One of the ultimate working dog breeds, if you don’t give them a job to do, they may just find themselves one. This drive can make Aussies too much for a sedentary pet owner to handle. At minimum, they should have a large, fenced-in yard to run around in for at least an hour or two daily.
This is a breed that needs set boundaries, so early socialisation and obedience training are both essential. Their herding instinct can in fact be quite dangerous if they are not well trained, as there is a risk of them running into the road to chase cars or harm young children while trying to round them up.
One of the most common reasons Aussies end up in pounds and rescues is owners’ inability to constructively channel their boundless energy through training. Fortunately, their loyalty combined with their intelligence and high energy makes them relatively easy to train. However, they can also have their own minds, so persistence and mixing things up a bit and teaching them new tricks is often the way to go.
|Energy level||Very high|
|Exercise requirements||Very high|
The Australian Shepherd should do well on a high-quality dog food appropriate to the dog’s age (puppy, adult, or senior).
Some dogs are prone to getting overweight, so monitor your dog’s calorie consumption and weight level.
Treats can be an important aid in training, but should be used in moderation if weight gain is a concern.
Check with your vet if you have any concerns about your dog’s weight or diet.
Australian Shepherds have a waterproof, double-layer coat that tends to shed a fair bit, so regular brushing is recommended. In general, weekly brushing sessions will suffice, but twice a year they shed heavily due to seasonal changes in the weather, and more work will be required at these times.
During shedding season an undercoat rake can be used every two or three days to remove the abundant dead hair, followed by a clean up with a wire brush.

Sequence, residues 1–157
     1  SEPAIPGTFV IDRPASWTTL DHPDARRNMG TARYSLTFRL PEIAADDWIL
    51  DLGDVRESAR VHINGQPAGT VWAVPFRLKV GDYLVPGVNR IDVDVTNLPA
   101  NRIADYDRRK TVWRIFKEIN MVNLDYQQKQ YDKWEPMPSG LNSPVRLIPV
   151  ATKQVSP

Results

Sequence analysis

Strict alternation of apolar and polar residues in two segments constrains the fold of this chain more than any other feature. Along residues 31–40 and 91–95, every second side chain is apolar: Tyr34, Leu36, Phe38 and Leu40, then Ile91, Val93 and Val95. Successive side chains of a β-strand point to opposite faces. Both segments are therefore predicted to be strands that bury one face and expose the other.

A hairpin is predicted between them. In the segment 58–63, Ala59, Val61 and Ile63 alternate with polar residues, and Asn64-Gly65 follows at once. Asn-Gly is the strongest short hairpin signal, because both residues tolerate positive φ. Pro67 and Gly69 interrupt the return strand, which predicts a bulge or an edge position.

Aussies are often working and/or playing outdoors, so it’s not unusual for them to come inside dirtier than when they left. But they require a bath only occasionally, unless they’ve gotten into a particularly messy situation.
While Aussie are generally healthy dogs they can also suffer from a number of illnesses and diseases that include:
Hip dysplasia is a genetic condition that occurs when the bones and joints do not fit together properly. As this conditions can cause arthritis later in the dog’s life, it is essential to begin treatment as soon as possible.
Genetic eye problems can occur in the Aussie, including Progressive Retinal Atrophy that is cause be a recessive gene that can result in blindness. This disease may not be evident until later in a dog’s life. Collie Eye Anomaly (CEA) is also a hereditary disease that can be diagnosed in the Australian Shepherd. Juvenile cataracts are also a serious defect that can lead to blindness. Colobomas is also a genetic eye problem where part of the structure of the eye is missing. Puppies can have their eyes examined by a veterinary ophthalmologist to determine defects.
Multiple Drug Sensitivity (MDS) can also affect Australian Shepherds. MDS occurs when dogs are susceptible to having fatal reactions to common veterinary drugs including heartworm prevention medicine. There is a simple vet test that can determine whether the dog has MDS.
Epilepsy is a neurological disorder characterised by seizures that have no known cause. A seizure is a sudden surge in the electrical activity of the brain causing signs such as twitching, spasms, shaking, tremors and/or convulsions. Fairly common in certain breeds, a genetic basis is suspected. Anti-seizure medications can be prescribed for affected dogs.
Congenital Deafness can occur in Aussies; those with white or merle coats are more susceptible to the condition. This deafness occurs when the blood supply to the cochlea degenerates leading to the death of the nerve cells. This defective gene is inherited.